‘Seeming like there’s something to hide,’ Singh says of Trudeau as foreign interference controversy deepens
- Rachel Aiello
- Senior Digital Parliamentary Reporter
Questions over interference by China in Canada’s last two federal elections continue to rise in Ottawa, as do the accusations the Liberals aren’t doing enough to answer them, as Prime Minister Justin Trudeau digs in, declining to offer any details about what he knew and when.
“To be quite honest, I know that no matter what I say, Canadians continue to have questions about what we did and what we didn’t,” Trudeau said Wednesday amid a barrage of questions from reporters.
The prime minister said that Canadians’ persisting concerns—regardless of his attempts to assure that the integrity of the 2019 and 2021 elections were not compromised by Chinese efforts to influence the outcome—are precisely why he’s moving to appoint a special rapporteur and tap a pair of closed-door national security bodies to investigate.
- Opposition party leaders aren’t buying this line from Trudeau, and feel it’s the prime minister’s responsibility to answer the questions being raised.
“The prime minister is signalling that he’s not taking this seriously, and … is being dismissive. And in his actions also is more and more seeming like there’s something to hide, all of which is not helping,” NDP Leader Jagmeet Singh told reporters. “It’s not helping Canadians have confidence in our democracy, in our electoral system, and it’s why it really cries out for a public inquiry. Let’s set those questions put to rest … Let’s figure out what happened, and what we can do to protect democracy in the future.”
The latest round of questions were sparked by new reporting from Global News alleging Trudeau and top officials were briefed on efforts by Beijing to “covertly” fund election candidates, despite the prime minister’s past suggestions to the contrary. The reporting cites anonymous intelligence officials and unreleased “high-level” memos, which CTV News has not independently verified.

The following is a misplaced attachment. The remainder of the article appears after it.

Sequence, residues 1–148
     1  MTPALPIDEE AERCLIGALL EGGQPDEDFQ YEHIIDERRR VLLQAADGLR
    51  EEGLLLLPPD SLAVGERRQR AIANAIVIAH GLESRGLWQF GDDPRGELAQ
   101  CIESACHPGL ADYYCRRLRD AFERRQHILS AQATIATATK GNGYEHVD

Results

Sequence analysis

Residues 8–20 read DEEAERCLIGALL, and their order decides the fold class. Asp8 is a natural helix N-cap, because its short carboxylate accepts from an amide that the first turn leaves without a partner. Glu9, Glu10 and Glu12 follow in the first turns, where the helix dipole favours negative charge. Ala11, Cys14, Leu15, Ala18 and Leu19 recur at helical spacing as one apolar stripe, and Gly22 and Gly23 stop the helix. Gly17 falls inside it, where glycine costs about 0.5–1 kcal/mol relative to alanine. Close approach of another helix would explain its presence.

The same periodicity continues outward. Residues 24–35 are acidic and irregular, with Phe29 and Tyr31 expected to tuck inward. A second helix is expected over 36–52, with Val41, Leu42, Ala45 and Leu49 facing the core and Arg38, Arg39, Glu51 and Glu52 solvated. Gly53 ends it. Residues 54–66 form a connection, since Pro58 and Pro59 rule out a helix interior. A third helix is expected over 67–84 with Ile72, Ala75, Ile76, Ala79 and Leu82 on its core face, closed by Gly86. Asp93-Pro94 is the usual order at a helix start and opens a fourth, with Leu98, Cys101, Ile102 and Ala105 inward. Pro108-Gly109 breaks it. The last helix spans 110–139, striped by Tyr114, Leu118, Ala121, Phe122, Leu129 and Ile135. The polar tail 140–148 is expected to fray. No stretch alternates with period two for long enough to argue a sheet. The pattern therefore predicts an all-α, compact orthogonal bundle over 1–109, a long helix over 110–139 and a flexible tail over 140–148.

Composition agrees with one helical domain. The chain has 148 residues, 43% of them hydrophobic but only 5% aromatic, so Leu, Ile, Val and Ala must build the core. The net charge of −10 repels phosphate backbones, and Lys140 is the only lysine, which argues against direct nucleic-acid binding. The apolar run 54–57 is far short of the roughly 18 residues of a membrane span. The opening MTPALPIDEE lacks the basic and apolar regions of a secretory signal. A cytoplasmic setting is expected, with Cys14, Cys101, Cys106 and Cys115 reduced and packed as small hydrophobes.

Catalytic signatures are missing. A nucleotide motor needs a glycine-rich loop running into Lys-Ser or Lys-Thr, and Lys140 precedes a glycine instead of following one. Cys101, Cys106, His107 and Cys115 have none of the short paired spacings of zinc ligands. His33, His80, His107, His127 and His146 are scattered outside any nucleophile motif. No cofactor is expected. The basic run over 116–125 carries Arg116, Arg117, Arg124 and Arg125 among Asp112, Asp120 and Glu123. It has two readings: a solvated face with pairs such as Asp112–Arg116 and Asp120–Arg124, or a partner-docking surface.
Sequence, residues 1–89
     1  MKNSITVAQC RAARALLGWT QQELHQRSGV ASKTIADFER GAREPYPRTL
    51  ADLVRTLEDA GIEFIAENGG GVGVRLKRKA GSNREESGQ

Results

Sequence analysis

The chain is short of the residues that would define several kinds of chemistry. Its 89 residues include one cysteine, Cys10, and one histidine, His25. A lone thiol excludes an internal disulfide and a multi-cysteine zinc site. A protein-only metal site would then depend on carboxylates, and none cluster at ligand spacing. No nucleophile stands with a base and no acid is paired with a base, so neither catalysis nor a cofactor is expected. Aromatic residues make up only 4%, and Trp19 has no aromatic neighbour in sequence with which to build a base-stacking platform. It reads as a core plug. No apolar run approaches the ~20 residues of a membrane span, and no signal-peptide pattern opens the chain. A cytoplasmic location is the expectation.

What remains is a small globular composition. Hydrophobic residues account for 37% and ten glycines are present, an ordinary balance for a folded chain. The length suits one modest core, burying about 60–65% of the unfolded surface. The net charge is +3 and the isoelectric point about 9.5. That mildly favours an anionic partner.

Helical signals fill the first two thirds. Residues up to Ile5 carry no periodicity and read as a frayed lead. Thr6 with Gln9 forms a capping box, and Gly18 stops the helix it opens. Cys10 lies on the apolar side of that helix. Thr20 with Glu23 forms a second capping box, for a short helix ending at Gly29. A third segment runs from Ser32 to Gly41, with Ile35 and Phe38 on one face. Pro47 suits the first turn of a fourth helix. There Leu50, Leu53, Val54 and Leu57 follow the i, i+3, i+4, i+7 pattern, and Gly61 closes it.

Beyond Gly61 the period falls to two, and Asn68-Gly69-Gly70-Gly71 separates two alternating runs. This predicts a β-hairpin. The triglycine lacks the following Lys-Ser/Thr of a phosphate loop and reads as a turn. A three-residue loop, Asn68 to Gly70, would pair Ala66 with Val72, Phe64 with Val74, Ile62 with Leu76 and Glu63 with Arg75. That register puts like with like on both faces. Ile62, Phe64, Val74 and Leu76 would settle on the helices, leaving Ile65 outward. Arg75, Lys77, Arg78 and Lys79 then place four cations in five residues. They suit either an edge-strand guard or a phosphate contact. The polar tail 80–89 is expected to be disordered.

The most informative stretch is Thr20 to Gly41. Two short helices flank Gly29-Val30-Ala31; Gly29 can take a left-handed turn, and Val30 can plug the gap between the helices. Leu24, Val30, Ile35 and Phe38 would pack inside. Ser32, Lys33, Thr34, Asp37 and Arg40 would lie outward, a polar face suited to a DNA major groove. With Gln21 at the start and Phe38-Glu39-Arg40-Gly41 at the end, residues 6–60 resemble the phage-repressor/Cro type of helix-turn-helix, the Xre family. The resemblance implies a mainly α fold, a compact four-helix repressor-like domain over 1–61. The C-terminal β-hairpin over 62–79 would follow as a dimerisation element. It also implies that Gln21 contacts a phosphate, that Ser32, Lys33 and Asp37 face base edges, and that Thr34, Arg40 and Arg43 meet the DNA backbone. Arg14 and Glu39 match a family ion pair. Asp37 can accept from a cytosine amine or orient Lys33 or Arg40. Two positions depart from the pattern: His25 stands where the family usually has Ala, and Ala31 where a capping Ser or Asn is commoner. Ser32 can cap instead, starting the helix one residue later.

Seizing on the latest development during question period, Conservative Leader Pierre Poilievre asked why Trudeau continues to say one thing while the reporting suggests another—taking a more prosecutorial approach with the prime minister up to take every question as he does on Wednesdays.
“He knew. Why did he say the opposite of what he knew?” asked the Official Opposition leader.
“As I said last fall, as the national security and intelligence adviser stated, we have no information on federal candidates receiving money from China. That continues to be the case,” said Trudeau in response, doubling down on an assertion previously made by adviser Jody Thomas, who told MPs last week that the government had not seen evidence of money going to candidates.
“He knew when that committee reported that candidates received money directed by the dictatorship in Beijing, and yet he has been and continues to say exactly the opposite. Why?” Poilievre asked again.
To this, Trudeau suggested Canadians can go online, or to the Library of Parliament, to read what past reports of the National Security and Intelligence Committee of Parliamentarians have found as it pertains to foreign interference.
“He should stop playing word games. Nobody needs to go to the library, what we need to do is get to the truth,” Poilievre shot back.